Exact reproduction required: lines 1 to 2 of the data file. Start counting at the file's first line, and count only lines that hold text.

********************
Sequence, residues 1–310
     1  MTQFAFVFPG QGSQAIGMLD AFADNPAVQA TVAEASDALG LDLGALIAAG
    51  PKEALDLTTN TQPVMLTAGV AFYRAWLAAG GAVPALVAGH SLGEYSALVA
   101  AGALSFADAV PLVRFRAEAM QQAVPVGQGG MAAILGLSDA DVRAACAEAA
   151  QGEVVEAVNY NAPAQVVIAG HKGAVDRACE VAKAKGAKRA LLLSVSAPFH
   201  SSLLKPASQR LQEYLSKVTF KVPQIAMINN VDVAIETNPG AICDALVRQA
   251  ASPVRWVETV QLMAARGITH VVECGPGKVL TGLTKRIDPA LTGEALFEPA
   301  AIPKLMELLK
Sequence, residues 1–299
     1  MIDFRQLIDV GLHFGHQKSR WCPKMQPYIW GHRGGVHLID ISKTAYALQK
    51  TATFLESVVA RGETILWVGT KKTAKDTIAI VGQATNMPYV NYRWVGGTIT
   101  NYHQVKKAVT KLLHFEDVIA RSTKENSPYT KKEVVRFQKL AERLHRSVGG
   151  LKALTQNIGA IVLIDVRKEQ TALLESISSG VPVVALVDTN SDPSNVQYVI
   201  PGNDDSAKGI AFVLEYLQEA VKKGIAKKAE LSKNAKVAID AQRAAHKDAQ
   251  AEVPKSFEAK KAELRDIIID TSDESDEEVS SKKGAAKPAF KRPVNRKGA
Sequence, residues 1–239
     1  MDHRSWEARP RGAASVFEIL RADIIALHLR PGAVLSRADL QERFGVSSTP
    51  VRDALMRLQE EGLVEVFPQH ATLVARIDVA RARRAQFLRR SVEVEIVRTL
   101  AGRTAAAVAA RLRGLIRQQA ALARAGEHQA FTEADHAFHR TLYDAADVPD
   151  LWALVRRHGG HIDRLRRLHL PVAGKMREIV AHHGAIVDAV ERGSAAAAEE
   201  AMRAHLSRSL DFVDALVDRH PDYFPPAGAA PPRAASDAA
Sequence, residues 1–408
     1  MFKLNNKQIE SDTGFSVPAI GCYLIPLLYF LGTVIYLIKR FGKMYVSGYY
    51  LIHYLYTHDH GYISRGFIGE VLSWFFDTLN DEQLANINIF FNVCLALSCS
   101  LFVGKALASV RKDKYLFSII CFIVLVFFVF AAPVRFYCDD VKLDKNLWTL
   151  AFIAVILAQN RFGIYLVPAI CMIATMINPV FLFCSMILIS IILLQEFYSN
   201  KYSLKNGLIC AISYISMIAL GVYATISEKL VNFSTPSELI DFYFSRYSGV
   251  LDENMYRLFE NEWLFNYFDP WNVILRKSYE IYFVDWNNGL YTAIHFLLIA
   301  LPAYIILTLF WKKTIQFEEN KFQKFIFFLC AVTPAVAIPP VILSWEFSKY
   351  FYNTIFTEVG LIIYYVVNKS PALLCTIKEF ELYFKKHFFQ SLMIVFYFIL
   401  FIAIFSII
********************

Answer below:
Sequence, residues 1–310
     1  MTQFAFVFPG QGSQAIGMLD AFADNPAVQA TVAEASDALG LDLGALIAAG